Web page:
But a few hours in (and 3 defeated bosses later) I’m slowly learning to love Dark Souls 2 all over again and embrace some of these changes. There are still some adjustments that have me thinking “why, From, why?”, like the ones made to Heide’s Tower Of Flame, an area which has been rendered outright unpleasant by the addition of an abundance of patrolling, respawning Heide Knights. Conceptually, it works that they’re there, but they feel forced in with little thought given to balance. It feels like From are saying “ha! Have that! Too easy was it?”. Also confusing is how there’s still things left in that, given the chance, I’d assume From would have wanted to tighten up. The army of Royal Swordsmen that pour out of a door in Lost Bastille, I’m looking at you. But there’s been plenty of tweaks and new enemy placements that have either raised a knowing smile (the Syan Knight standing guard outside of the inaccessible King’s Door in Forest Of Fallen Giants), caused me to stop in my tracks (a certain Ironclad Soldier on the way to The Pursuer) or roar with sadistic glee as I’m brilliantly and shockingly incinerated (the surprise dragon before the Old Dragonslayer boss). Spending all of my time in human form has also drawn my attention to a few new NPC summons who are on hand to explore with you, the best of the bunch so far being a guy you meet in the pitch black tunnels in a section of Forest Of Fallen Giants who lights up the area with an aqua-blue magical glow and helpfully sends Soul Arrows screaming through the gloom to knock enemies on to their arses. He was a lot of fun.

I’m also having a lot of fun with my build. I’ve gone for a focus on dex for the first time in a Souls run, inspired by my nimble character in Bloodborne, and have also jettisoned a shield in favour of a secondary sword. At the moment I’m currently pouring souls into dex and stamina and two-handing a +6 rapier. My character is very stabby and is putting out an astonishing level of damage at such an early part of the game although I do keep forgetting I’m not quite as sprightly as I was in Booodborne, leading to more than a few spears being thrust into my guts as I try to dash away following my attack.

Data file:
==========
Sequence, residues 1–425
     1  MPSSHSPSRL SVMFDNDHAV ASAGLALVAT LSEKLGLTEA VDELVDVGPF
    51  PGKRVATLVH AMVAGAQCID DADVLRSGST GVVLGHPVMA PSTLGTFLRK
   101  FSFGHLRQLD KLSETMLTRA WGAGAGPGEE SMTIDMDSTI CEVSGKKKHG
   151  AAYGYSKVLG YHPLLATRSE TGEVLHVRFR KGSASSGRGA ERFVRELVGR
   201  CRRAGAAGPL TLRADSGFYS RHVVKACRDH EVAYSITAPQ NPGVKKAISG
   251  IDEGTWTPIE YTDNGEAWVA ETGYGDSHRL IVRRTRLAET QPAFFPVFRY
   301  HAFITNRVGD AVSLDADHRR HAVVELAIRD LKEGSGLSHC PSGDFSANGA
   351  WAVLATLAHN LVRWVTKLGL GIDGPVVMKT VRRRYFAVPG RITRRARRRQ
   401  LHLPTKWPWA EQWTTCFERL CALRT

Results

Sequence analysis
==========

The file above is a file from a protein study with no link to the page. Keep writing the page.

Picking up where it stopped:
So, thus far, it has been a bit of a mixed bag. I’m looking forward to eventually finding all the included DLC, the highly praised Crowns trilogy content, as it was the main reason I picked this up. I just hope I don’t get too bogged down with the strange little changes that From have made on the way there.

To be fair, I’m probably not doing myself any favours by coming at this straight off the back of Bloodborne. Straight off the back of completing Bloodborne twice in one week, no less (all optional areas and bosses in my first, steadily paced run then another quick run on NG+ just doing the essentials. It got rinsed, mate). Heading into a game as glacially paced and meditative as Dark Souls 2 after the visceral, lightning-quick and outright horrific Bloodborne is perhaps too much of a shock to the system for me. Also, my tolerance for punishing difficulty is perhaps not what it normally is having spent the last two weeks getting tortured in Yharnam. Maybe I just need a break from the focus that Souls requires from you. Perhaps a little rest will do me the world of good. Maybe I need to play something peaceful. Something gentle. Hey, I’ve still got that The Evil Within DLC on my to-do list. That’ll be nice, won’t it?